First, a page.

When's the last time you tried print making? For me, it was high school and back then we called it lino printing. I was pleased to learn that old fashioned lino printing has become much easier and more enjoyable thanks to new and improved materials.
Recently a friend suggested taking a workshop in printmaking from Jennifer McIntyre. I'd not really thought about doing printmaking before my friend expressed an interest in the workshop, but when opportunity comes knocking I've learned that it's a good idea to hop on board. (Oops... mixing metaphors there... but you get the drift, right??) We showed up at class clutching a selection of B&W images (photos converted to B&W and printed on everyday letter sized paper), cutting tools and pieces of thick, soft, easy to cut vinyl.
I chose to base my piece on a photo of Mount Baker, taken from Cattle Point just outside of Victoria, BC.
It took me much longer than my friends to get my image carved and ready for printing. I probably should have tried something a bit less detailed for my first attempt at printmaking after all these years... but I see a pattern developing in my life... I tend to jump in at the deep end of the pool when I learn new things by starting out with a challenging project instead of wading in gradually with something quick and easy. (Note to self... you have permission to not do things the hard way! Lol...)
Part way through the carving process, Jennifer (our instructor) suggested that we could print an "artist's proof" to get a sense of how our image was developing. The first picture on this post is one of my artist's proofs. Jennifer showed me how to ink the vinyl "plate" with a "rainbow roll" - multiple colours of ink on the brayer that created a gradation of colour on the printed image. I am completely in love with that artist's proof with it's rainbow roll! Oh, and the light purplish line you see in the foreground of the print...? That's colour that transferred from the black Sharpie marker I'd used to draw my carving lines on to the vinyl. It wasn't intended to be part of the print, but I happen to really like how it looks. Hmm... maybe I'll have to try other prints with deliberate Sharpie marker line transfers in them! : )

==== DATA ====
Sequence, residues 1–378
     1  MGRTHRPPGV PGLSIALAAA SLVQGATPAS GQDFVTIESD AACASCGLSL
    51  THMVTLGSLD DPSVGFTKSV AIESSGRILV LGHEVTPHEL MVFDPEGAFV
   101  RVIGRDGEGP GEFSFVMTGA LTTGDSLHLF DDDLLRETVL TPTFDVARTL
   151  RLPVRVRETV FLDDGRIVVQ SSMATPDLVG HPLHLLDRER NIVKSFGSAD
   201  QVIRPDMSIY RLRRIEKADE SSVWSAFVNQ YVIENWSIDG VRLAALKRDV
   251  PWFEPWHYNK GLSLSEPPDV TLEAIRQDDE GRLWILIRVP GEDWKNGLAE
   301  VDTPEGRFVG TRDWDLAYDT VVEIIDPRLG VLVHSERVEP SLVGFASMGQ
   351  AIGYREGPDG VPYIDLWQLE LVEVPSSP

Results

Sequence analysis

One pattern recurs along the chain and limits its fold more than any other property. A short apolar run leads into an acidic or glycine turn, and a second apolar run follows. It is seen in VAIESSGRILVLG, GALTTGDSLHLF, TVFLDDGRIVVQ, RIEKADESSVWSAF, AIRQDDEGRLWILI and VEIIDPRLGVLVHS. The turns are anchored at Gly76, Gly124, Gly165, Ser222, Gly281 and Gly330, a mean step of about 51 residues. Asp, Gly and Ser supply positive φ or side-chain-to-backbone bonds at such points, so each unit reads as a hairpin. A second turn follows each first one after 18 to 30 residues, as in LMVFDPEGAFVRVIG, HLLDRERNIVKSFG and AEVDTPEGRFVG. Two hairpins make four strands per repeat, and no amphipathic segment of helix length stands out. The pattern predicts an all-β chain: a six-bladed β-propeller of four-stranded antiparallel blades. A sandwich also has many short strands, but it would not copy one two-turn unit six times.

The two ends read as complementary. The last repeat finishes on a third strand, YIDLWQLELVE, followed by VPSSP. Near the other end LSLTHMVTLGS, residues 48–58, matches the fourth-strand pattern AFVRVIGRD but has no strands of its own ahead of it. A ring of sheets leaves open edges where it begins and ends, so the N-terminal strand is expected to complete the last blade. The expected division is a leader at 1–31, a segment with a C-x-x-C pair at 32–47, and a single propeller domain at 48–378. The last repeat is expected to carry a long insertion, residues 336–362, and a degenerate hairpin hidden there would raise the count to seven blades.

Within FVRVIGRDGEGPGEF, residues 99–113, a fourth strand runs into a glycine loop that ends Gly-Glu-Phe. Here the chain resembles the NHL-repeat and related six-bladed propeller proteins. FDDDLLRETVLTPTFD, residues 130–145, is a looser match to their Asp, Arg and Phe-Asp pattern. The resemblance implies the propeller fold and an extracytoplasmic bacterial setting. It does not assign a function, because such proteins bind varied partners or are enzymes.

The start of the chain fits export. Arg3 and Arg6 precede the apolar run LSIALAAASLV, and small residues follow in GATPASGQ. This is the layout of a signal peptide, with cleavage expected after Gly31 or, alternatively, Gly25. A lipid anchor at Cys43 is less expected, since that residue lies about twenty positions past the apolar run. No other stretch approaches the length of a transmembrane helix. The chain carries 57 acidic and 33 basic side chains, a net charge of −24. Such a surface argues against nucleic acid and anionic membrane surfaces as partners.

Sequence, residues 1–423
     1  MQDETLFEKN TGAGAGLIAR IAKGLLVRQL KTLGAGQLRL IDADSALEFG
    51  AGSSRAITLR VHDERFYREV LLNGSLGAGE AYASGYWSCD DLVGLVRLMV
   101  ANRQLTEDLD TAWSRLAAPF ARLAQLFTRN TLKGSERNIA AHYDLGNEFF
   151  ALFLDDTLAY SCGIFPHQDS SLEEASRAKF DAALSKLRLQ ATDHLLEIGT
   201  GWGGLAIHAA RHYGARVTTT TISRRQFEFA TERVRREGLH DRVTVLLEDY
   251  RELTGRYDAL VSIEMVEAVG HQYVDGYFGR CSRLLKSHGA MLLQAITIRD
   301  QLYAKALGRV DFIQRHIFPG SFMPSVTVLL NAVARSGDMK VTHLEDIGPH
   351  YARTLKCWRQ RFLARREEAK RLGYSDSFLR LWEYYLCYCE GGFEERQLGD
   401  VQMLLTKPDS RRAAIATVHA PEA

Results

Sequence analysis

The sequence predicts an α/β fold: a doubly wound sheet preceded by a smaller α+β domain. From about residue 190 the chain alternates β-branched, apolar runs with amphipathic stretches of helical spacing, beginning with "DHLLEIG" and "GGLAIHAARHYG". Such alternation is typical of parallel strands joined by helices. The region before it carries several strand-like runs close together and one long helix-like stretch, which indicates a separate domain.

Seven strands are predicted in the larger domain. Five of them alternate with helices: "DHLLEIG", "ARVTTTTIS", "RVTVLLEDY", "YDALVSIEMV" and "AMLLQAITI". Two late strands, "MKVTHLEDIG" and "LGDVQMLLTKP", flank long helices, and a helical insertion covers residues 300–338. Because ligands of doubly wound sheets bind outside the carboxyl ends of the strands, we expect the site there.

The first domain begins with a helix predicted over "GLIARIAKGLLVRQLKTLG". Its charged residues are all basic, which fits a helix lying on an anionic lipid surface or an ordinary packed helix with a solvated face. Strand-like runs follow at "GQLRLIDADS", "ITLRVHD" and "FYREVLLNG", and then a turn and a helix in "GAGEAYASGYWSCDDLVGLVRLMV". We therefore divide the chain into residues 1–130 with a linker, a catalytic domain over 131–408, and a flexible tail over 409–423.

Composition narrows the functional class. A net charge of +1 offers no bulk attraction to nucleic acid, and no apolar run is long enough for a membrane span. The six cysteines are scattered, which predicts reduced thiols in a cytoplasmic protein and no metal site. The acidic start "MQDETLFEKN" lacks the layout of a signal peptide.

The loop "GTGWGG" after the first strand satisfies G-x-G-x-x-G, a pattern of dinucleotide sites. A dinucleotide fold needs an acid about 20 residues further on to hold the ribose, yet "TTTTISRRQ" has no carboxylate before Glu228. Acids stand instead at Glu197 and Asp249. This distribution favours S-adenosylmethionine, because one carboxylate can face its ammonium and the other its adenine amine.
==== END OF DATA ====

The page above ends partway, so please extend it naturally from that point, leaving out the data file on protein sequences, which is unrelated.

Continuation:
Back to carving away more of the vinyl... and soon I was ready to make a print of the finished plate -- this time all in black.
So, what do you think? The black and white image is very dramatic. Very different from the softness of the artist's proof at the top of this blog.
Jennifer suggested that the sky could be inked a different colour. To do that I ran a utility knife between the land and the sky and completely cut off the sky portion of the plate. (It felt a little strange to cut apart the thing you'd just spent hours to create!!!) When we printed it, the bottom of the plate was inked with a dark colour (that came out looking black) and the sky portion of the plate was inked with another rainbow roll. The two pieces of vinyl were nested snuggly beside each other like puzzle pieces before the paper was laid down. Here's the result...
I really like that effect, too. Oh... the possibilities...!!! : )
At the end of the workshop Jennifer had me print a handful of copies in light grey of just the bottom of the plate (without the sky). These prints are for me to hand colour with watercolour paints. Once they're painted and dried, I will over print them with black ink. That should be interesting... we'll see how it turns out. I'll keep you posted!
As always, I hope you're taking/making time for some art in your life. It really can be an uplifting break from the stresses of everyday life!
: ) Fern